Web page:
Valentine’s Day Lockdown Lists

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A bit of Valentine’s Day lockdown timewasting … strange ways in which couples in books met, most romantic places which couples in books visited, key worker heroes in books (other than doctors, there are strangely few of these), and worst proposals in books.  Useless fact of the day – speaking of strange ways to meet, the song by The Hollies, about a couple who meet when they share an umbrella at a bus stop, was inspired by a no 95 bus, which goes within a few yards of my house.  Except that it didn’t then: it’s been re-routed since.  I know that people needed to know that.  As I said, timewasting …

During lockdown, people are finding it difficult to meet potential partners, except online.  Five strange ways in which couples in books met: 

  1. Meggie Cleary and Ralph de Bricassart in The Thorn Birds.  He was her priest.  Don’t try this one at home.
  2. Judy Abbott and Jervis Pendleton in Daddy Long Legs.  He funded a college scholarship for a girl from an orphanage.  She was the girl.  He wanted her to write him letters telling him how she was getting on … but he didn’t tell her that they’d actually met umpteen times and he’d concealed his identity.  I used to find this terribly romantic when I was about 9.  It now seems a bit weird.
  3. Henrietta Rawlinson and Adam Swann in God is an Englishman.  She’d run away from home and was washing her face in a puddle near Warrington.  He gave her a lift on his horse.  As you do.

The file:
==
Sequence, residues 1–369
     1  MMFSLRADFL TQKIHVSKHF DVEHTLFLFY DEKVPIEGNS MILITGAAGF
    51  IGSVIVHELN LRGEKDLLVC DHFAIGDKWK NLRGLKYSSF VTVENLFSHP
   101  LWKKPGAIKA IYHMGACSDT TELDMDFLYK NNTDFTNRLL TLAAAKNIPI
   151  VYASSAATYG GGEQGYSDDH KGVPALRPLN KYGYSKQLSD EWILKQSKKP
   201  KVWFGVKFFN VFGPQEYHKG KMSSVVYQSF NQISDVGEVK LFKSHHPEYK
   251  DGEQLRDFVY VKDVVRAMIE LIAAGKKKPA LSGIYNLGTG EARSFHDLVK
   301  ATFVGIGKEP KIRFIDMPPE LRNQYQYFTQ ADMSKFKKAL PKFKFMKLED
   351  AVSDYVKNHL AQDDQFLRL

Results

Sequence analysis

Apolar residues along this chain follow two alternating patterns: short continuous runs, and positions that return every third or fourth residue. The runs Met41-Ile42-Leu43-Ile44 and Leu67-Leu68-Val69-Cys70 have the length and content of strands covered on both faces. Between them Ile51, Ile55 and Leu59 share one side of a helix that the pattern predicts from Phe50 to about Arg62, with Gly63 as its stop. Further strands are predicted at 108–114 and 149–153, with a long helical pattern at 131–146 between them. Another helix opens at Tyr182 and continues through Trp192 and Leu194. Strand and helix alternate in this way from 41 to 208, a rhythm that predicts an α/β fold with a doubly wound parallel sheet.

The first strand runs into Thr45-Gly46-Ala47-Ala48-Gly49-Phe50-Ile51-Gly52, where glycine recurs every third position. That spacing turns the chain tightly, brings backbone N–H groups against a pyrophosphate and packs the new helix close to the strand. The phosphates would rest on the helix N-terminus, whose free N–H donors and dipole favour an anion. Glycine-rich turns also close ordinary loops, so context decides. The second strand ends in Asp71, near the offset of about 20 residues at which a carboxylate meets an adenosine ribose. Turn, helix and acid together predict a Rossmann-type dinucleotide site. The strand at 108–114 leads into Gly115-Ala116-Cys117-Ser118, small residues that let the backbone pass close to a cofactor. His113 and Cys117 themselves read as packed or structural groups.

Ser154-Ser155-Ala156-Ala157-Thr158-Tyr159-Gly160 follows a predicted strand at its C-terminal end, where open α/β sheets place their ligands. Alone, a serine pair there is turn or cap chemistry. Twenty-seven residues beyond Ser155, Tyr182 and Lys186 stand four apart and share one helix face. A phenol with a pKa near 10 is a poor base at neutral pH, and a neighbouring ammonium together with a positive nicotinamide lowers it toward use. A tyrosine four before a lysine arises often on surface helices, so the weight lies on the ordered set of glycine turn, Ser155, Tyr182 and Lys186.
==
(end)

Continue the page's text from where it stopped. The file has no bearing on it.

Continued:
4. Madge Bettany and Jem Russell in The School at the Chalet.   They were both on a train which caught fire.  Madge bravely risked her own safety to help an unpleasant woman escape through a window.  Jem was impressed by her pluck.  Very feminist, really 🙂 .
    5. Florentyna Rosnovski and Richard Kane in The Prodigal Daughter.  They met when she was working in a shop of which he was a customer.  Seems normal enough … but she was actually hiding her real identity, and it turned out that their dads were sworn enemies.  Oh dear.

And, because of the infernal travel restrictions, we can’t go anywhere … five very romantic locations visited by couples in books:

  1. The Lake District is the most romantic part of the UK … and features in a lot of poems, but not nearly enough books.  However, lucky Damaris and Brian in Elsie J Oxenham’s Abbey books don’t just go to Grasmere, but move there to live permanently.
    2.  Venice is the most romantic city outside the UK, and is where Katy Carr and Ned Worthington in What Katy Did Next get engaged.  They aren’t a very exciting couple, and it isn’t a very exciting romance, but the fact that they get engaged in a gondola makes up for a lot.
    3.  The Italian lakes (I like water, OK) – the setting for The Betrothed, the eponymous couple being Lucia Mondella and Renzo Tramiglia.  There’s a lot of plague in this, but never mind.  Also visited by Elio Perlman and Oliver (who appears to have no surname) in Call Me By Your Name.
    4. Lake Geneva – (more lakes!) – where Amy March and Laurie Laurence get together in Good Wives.  There seems to be this idea that Amy betrayed womankind by stealing her sister’s man, but she really didn’t: Jo had turned Laurie down
    5.Russia – ignore all the political stuff: Russia is a very romantic country.  Yuri Zhivago and Lara Antipova in Dr Zhivago are one of its many well-known fictional couples.
  2. Five key worker heroes in books not already mentioned:1. Doctor – Gilbert Blythe, in the Anne of Green Gables books.